Third, we need to realize that everyone is a work in process. Sometimes the people we admire will disappoint us. This doesn’t meant they stopped being admirable. It does mean that even giants stumble. The flip side of this is that people we have written off are also works in progress. Often it is just such people who will end up astounding us with their righteousness, goodness, self-sacrifice and holiness.

I don’t like Nancy Pelosi, the new Speaker of the House. My impression is that she is strident and smug, which is how I view Barbara Boxer, whom I also dislike. But I need to be prepared to believe and see that Nancy Pelosi and even Barbara Boxer may prove a beneficial and memorable moral voice in our nation. They just might do that. And the Democrats may just do better than the Republicans. At times, the most righteous things we can do is wait and see.

Abraham only expected unrighteousness from pagans. He was wrong. Some of us may expect nothing but disaster from Democrats. Or we may think that now that the Democrats are in power in the House and Senate, we just got rid of the dodos. We may be wrong in this too.

We need to seek and be prepared to find the grace, truth, and the goodness of God manifest in unexpected places. And we need to make sure that wherever we are, we make our light shine. Feed the hungry, help the poor, comfort the grieving, be forbearing with one another, love your enemies and pray for those who despitefully use you, become part of the solution instead of part of the problem, instead of simply standing off to the side saying, “Ain’t it awful.”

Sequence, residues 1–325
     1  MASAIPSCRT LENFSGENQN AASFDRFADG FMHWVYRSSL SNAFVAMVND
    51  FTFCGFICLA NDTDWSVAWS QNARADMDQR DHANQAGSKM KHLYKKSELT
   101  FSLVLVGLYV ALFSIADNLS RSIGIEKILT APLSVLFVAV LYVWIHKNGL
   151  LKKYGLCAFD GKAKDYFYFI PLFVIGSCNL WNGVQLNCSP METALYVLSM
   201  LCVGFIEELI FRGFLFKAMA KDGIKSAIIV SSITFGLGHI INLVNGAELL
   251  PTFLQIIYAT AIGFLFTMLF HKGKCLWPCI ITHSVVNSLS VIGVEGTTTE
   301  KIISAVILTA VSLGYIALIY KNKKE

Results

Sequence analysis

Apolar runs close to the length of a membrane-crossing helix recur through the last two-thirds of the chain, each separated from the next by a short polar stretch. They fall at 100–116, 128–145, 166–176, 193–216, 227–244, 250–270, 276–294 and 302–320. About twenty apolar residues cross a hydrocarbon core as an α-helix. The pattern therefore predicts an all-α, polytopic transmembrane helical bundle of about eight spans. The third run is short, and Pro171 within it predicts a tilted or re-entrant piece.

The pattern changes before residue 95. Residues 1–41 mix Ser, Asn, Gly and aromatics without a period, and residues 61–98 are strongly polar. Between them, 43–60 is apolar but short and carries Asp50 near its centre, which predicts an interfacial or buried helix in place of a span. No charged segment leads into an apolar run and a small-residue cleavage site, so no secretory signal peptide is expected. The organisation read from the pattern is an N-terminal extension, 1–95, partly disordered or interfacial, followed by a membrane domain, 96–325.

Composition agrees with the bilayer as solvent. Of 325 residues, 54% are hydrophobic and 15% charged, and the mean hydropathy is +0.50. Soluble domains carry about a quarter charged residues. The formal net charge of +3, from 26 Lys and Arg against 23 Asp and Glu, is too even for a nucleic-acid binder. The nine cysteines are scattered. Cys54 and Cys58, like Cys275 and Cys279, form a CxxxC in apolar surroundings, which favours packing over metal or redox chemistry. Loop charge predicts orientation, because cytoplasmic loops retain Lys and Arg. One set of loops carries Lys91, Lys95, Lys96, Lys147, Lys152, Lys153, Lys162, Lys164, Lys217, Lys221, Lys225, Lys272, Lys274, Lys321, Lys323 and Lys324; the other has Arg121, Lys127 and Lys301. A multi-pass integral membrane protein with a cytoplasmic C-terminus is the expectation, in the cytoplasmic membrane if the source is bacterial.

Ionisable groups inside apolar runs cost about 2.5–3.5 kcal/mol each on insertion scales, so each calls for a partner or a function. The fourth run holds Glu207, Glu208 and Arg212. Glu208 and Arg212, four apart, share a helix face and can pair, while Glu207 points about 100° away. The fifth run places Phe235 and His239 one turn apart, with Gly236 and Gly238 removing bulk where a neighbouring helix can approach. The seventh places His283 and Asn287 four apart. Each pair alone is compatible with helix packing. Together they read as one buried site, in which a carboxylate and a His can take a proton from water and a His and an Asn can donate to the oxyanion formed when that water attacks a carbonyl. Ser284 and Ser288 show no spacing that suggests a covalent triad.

Seek first the kingdom of God and His righteousness. But don’t be surprised if you find them in unexpected places.

Friday, November 10, 2006

A Book Review - Anne Lamott - Plan B

Anne Lamott is a San Francisco Bay Area native down to the cellular level not only in her preferences, but in her political and social views. She is unabashedly a lefty, the daughter of lefties, and she want everyone to know it from page one of this volume, where she serves notice of her identity by beginning with a diatribe against George W. Bush and the war in Iraq. She is saying, "Look, Sweetheart, this is who I am, so let's get this straight. If you can't take it, then back up, close the front cover, and get the hell out of my book!" I am one of the people who stayed, and glad I did.

Unlike her earlier "Traveling Mercies" which began with a sequential biography of her journey towards God, or perhaps His journey towards her, this book is a non-chronological collection of essays gently demonstrating the fragile yet invincible grace of God evident in the friendships, conflicts, disasters, and tangles of the human condition--her own, that of her teenage son Sam, those of her friends and family, those of her church, and the people she encounters as a lusty, narcissistic, radicalized leftist, mellowing with age, experience, and grace.

Lamott places a poem before Chapter One that subtly but unerringly foreshadows the theme of this collection of twenty-four portraits of life and grace. By Lisel Mueller, it is titled "Monet Refuses the Operation," and chronicles and contrasts the painter's view of reality with that view defended by more "rational," less artistic people. Of course, Lamott is Monet as well, and his words might as well be hers as he says, "The world is flux, and light becomes what it touches, becomes water, lilies on water, above and below water, becomes lilac and mauve and yellow and white and cerulean lamps, small fists passing sunlight so quickly to one another . . ."" The point is, the world is not simply what it seems, and as with Emily Dickinson' poem, "All the earth is crammed with heaven and every bush aflame with God, but only those who see take off their shoes." Lamott sees. She sees the pain, the sorrow and the darkness, but she also sees the burning bush, and invites us to draw near and to take off our shoes and join her there.